“What We Lose is a quietly brilliant book detailing the way loss manifests itself in the life of its narrator, Thandi, and the reader, as Clemmons' writing shines back on you, too. The death of Thandi's mother brings about the loss of childhood innocence, her connection with her past, and her identity as a black woman. Clemmons' book is told in vignettes, stories and thoughts, with the narrative of this time in Thandi's life slowly swirling through it. It's as powerful a meditation on grief as I've ever read.”
Stefanie Schmidt, Water Street Books
A National Book Foundation 5 Under 35 Honoree
NBCC John Leonard First Book Prize Finalist
Aspen Words Literary Prize Finalist
Named a Best Book of the Year by Vogue, NPR, Elle, Esquire, Buzzfeed, San Francisco Chronicle, Cosmopolitan, The Huffington Post, The A.V. Club, The Root, Harper’s Bazaar, Paste, Bustle, Kirkus Reviews, Electric Literature, LitHub, New York Post, Los Angeles Review of Books, and Bust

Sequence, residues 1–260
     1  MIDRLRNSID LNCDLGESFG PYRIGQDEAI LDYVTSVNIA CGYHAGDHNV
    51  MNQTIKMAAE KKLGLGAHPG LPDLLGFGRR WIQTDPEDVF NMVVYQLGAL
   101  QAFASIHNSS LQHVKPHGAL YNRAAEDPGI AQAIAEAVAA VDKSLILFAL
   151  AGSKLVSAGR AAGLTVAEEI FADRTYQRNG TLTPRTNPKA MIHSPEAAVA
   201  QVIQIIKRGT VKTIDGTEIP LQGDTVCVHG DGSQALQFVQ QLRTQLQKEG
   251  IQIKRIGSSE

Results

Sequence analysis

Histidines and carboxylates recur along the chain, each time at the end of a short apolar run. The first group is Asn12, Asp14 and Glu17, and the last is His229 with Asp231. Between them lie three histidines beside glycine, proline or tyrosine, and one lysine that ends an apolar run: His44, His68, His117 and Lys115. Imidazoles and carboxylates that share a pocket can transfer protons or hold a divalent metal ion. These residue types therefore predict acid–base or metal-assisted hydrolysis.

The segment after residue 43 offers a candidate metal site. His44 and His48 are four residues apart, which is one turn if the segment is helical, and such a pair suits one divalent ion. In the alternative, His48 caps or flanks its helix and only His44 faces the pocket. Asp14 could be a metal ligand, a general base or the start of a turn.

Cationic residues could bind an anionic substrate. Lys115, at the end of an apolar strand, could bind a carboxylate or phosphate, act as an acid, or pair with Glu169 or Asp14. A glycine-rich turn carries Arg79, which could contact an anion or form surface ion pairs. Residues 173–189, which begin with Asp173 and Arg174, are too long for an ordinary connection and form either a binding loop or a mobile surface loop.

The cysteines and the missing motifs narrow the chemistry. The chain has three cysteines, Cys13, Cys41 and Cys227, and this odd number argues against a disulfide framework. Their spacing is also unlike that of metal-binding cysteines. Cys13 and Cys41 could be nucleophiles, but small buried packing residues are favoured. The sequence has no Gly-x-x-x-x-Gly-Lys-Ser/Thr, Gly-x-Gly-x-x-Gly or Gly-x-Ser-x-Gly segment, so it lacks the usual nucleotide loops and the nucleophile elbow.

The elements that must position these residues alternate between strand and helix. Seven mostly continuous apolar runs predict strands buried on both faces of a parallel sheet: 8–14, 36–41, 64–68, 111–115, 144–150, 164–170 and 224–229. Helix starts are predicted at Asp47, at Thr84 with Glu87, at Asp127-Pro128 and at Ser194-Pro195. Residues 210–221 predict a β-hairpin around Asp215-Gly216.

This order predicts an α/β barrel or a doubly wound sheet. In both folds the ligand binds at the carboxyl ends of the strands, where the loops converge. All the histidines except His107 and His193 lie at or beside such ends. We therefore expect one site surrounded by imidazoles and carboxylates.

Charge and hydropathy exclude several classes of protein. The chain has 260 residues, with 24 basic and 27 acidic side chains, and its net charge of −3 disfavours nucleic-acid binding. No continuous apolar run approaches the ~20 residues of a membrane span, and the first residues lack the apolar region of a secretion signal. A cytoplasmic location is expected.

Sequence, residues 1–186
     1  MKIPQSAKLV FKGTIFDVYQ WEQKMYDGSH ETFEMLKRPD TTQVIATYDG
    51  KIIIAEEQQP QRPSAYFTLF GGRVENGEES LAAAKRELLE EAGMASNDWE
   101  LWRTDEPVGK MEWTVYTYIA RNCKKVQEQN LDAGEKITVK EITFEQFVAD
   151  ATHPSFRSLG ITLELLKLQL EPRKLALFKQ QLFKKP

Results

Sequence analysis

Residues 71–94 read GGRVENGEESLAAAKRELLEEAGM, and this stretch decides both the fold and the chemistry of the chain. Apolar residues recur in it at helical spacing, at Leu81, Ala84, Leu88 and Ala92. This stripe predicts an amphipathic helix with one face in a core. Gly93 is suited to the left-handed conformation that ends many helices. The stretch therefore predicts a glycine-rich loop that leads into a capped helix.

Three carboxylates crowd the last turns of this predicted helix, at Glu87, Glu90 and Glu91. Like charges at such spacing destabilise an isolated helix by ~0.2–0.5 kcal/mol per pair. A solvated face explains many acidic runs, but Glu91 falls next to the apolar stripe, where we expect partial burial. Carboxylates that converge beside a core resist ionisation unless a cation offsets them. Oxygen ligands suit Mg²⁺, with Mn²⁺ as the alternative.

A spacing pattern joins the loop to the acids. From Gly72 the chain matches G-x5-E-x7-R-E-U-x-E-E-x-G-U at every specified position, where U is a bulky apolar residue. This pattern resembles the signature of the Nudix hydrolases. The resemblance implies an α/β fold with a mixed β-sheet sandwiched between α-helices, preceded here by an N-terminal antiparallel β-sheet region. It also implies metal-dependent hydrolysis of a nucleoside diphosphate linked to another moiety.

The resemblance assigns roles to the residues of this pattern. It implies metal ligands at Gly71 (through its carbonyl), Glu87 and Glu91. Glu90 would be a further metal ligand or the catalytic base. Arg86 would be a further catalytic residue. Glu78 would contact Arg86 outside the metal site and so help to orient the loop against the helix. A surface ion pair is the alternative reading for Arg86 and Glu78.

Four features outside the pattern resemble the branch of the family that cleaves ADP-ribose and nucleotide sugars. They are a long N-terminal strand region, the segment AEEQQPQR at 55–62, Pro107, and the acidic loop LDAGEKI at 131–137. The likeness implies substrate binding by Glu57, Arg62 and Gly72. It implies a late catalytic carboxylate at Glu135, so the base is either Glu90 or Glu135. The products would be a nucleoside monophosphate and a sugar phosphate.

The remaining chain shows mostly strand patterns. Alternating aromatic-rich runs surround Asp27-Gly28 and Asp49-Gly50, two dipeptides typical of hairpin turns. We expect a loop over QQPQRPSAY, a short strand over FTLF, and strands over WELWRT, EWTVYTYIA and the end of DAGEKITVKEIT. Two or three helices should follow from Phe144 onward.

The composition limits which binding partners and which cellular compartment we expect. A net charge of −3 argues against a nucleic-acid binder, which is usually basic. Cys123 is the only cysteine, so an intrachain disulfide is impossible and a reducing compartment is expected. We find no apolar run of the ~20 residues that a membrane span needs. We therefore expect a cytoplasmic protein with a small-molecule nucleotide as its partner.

“The debut novel of the year.” —Vogue
“Like so many stories of the black diaspora, What We Lose is an examination of haunting.” —Doreen St. Félix, The New Yorker
“Raw and ravishing, this novel pulses with vulnerability and shimmering anger.” —Nicole Dennis-Benn, O, the Oprah Magazine
“Stunning. . . . Powerfully moving and beautifully wrought, What We Lose reflects on family, love, loss, race, womanhood, and the places we feel home.” —Buzzfeed
“Remember this name: Zinzi Clemmons. Long may she thrill us with exquisite works like What We Lose. . . . The book is a remarkable journey.” —Essence
From an author of rare, haunting power, a stunning novel about a young African-American woman coming of age—a deeply felt meditation on race, sex, family, and country
Raised in Pennsylvania, Thandi views the world of her mother’s childhood in Johannesburg as both impossibly distant and ever present. She is an outsider wherever she goes, caught between being black and white, American and not. She tries to connect these dislocated pieces of her life, and as her mother succumbs to cancer, Thandi searches for an anchor—someone, or something, to love.
In arresting and unsettling prose, we watch Thandi’s life unfold, from losing her mother and learning to live without the person who has most profoundly shaped her existence, to her own encounters with romance and unexpected motherhood. Through exquisite and emotional vignettes, Clemmons creates a stunning portrayal of what it means to choose to live, after loss. An elegiac distillation, at once intellectual and visceral, of a young woman’s understanding of absence and identity that spans continents and decades, What We Lose heralds the arrival of a virtuosic new voice in fiction.